I love the new system! Before, my cards were all mixed together in a pile. Now, I can easily grab the card for the right occasion. It also helps me see when I'm low on a particular type of card so I can replenish my stock. I like to always have a few birthday and thank you cards on hand. Plus, this takes up way less space in my office.

See? Less space and more organized. Love!


The Man Closet

We have a closet under our stairs I have dubbed the man closet. It stores our tools, electronics, Husband's shoes and laundry, winter coats, and a few other miscellaneous items. Man stuff. It can also become a catch all which can get messy.

The view walking in, not too bad.

 Around the corner . . .

Since most of this stuff belongs to Husband, I couldn't just toss it out. I pretty much just rearranged items to fit better. I was able to find new homes for a few things to clear up some space. I also got a new-to-me tool bag to help store our tools more effectively.

I admit that I'm one of those people who sees a pile of clutter and just continues to pile. I would see junk on the closet floor and wouldn't bother to put my tools away. That's why I'm so OCD about keeping the house clean and organized. Order keeps me in order.

Here's the closet after about 20 minutes of work.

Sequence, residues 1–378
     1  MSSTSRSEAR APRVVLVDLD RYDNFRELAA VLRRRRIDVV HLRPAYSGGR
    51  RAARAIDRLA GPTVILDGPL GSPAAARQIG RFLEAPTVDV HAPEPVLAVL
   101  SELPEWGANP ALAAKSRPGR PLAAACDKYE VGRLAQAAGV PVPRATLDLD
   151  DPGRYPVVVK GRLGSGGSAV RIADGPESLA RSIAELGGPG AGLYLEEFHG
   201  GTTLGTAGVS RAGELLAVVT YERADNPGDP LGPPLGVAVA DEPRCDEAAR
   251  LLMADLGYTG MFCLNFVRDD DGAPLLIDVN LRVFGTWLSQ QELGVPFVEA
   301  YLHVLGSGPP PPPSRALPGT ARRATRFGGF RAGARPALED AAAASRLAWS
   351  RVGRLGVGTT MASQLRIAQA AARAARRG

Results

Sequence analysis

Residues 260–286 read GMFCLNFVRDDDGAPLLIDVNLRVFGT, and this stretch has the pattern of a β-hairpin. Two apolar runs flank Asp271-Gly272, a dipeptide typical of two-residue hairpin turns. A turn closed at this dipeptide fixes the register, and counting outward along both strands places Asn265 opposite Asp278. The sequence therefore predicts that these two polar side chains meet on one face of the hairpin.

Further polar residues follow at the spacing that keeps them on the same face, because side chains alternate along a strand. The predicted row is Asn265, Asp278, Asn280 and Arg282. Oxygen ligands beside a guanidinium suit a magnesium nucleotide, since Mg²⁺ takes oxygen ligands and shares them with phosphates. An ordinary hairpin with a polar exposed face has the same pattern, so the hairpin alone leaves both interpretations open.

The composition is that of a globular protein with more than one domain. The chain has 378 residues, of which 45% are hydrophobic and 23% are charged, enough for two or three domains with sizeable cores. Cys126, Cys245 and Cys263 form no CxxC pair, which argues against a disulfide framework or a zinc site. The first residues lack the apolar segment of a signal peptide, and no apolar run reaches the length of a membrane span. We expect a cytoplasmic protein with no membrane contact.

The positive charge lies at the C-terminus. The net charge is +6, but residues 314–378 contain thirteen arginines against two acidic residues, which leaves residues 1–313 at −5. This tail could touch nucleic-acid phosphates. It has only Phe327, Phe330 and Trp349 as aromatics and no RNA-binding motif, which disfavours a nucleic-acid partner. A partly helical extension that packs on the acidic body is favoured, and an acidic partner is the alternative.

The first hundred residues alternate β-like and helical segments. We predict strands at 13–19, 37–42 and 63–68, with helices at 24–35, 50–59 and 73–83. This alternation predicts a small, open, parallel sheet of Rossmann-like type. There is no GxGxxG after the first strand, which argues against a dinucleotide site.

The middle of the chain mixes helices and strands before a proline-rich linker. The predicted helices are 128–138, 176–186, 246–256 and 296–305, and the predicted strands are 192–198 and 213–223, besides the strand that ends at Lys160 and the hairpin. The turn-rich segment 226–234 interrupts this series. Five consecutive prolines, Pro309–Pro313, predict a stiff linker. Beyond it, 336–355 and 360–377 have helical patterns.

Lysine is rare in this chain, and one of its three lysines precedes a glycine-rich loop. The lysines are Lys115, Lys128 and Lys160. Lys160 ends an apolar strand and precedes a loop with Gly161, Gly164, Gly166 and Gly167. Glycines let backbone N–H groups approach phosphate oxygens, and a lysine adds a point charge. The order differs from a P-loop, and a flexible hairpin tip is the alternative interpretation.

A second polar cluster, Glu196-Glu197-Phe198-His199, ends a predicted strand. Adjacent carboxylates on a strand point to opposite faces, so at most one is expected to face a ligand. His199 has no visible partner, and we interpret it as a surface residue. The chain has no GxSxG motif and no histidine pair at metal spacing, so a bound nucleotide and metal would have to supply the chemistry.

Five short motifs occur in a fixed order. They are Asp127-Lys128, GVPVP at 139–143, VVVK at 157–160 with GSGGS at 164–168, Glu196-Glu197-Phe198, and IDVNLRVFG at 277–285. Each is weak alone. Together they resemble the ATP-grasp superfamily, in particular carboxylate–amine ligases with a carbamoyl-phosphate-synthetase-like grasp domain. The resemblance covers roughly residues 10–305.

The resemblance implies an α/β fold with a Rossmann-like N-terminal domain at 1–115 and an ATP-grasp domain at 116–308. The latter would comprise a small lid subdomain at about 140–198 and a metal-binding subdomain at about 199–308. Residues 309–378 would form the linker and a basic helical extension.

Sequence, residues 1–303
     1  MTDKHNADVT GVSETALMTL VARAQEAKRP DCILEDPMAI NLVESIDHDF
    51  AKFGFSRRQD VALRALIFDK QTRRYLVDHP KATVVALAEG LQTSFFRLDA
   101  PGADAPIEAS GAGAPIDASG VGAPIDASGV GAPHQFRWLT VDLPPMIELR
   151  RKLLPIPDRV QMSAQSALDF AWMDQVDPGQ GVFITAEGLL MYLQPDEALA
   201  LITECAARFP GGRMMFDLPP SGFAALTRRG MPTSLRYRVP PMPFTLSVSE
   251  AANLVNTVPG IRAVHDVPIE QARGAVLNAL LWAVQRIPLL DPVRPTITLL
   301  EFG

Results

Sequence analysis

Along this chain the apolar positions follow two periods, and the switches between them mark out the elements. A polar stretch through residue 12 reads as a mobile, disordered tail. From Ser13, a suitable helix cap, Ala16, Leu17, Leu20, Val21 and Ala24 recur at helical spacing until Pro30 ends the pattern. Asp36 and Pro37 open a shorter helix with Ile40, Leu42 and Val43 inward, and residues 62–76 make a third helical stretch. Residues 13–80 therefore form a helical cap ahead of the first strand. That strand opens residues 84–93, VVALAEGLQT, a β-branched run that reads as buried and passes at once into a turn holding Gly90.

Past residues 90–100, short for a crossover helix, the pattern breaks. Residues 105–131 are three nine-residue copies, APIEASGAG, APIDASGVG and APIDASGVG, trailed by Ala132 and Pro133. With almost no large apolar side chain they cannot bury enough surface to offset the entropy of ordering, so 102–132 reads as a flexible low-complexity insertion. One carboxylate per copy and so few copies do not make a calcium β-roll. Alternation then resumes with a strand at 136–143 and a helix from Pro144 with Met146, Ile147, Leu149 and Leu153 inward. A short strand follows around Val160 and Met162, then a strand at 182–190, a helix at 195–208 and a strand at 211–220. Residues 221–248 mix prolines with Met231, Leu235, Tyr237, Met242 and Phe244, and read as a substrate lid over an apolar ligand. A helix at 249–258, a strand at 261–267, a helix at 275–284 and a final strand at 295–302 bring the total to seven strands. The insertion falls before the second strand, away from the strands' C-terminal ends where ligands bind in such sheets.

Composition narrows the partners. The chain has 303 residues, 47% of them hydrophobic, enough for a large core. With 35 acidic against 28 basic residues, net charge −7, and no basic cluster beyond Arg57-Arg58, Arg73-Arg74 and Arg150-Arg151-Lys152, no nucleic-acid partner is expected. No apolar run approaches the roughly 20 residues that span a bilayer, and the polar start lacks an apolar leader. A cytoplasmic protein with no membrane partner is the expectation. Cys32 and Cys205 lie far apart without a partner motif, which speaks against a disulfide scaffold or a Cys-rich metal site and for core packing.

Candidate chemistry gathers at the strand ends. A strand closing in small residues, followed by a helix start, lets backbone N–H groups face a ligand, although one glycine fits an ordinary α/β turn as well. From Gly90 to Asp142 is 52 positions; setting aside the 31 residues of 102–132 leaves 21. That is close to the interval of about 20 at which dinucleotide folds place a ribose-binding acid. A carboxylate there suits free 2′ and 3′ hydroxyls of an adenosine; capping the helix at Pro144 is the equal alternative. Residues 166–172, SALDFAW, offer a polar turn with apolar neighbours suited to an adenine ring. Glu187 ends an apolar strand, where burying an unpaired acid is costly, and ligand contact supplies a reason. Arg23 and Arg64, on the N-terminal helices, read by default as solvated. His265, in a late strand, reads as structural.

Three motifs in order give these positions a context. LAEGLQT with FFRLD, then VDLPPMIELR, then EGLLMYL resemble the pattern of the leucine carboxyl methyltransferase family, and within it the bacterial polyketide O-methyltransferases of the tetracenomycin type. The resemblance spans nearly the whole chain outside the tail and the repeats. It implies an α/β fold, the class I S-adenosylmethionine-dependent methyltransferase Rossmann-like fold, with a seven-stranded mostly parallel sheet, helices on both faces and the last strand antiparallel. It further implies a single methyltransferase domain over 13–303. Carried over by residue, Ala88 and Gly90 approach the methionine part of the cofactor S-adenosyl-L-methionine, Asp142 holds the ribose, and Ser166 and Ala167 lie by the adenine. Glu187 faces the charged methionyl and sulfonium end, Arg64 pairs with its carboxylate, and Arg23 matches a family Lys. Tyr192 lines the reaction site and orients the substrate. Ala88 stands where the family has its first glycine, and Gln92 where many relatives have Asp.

Hey look! A floor!

That's a little better. It's still a bit more crowded than I would prefer but we can access everything and I've labeled all of the containers so there's no digging required. Here's hoping we can keep it like this!

Crap. It was worth a try.

Have you ever spent some time organizing only to have clutter creep back in shortly after? Do you have a man closet?

$1 Lightscoop

I need better pictures for my blog. I just haven't been satisfied with the lighting in my photographs. I've been working on a House Tour, taking pictures of all the spaces in my home, but the lighting was just off. I'm not a big fan of flash. It's a necessary evil. I'm aware that photography means "painting with light" but I've always preferred natural light and shadows. I used to tape a few layers of wax paper to the flash of my point and shoot cameras to soften the glare. It looked ghetto but it worked well.

I knew a lightscoop would be the perfect solution, especially when I photograph a room.

A little search on Amazon turned up this:
Found here.

$30 isn't a bad price but I'm cheap frugal. Actually, most photographers I know can be that way. You spend hundreds to thousands of dollars on a camera and lens so you have no pennies left for the little things. I've seen photographers with white paper bags over $300 flashes. This works also, by the way.

A little more searching and I found some great DIY versions for much less here.

Just some cardboard and foil!

It's a deodorant cap!

Scroll to the bottom of the page with this link to see the original post.

Even though the deodorant cap and foil version could be done for free, I wondered how secure and sturdy they would be. The mirror seemed the most durable option but even the poster admitted that you had to stabilize the mirror. I couldn't see myself trying to balance the mirror as well as angle a shot. Too much work for a lazy photographer, such as myself.

I got a light bulb moment while brushing my hair. My little travel brush was portable, durable, had a mirror, and had a "handle" I could cut to fit snugly around my flash. Best of all, these brushes are in plentiful supply at Wal-mart or Target for $1, in the travel toiletries section.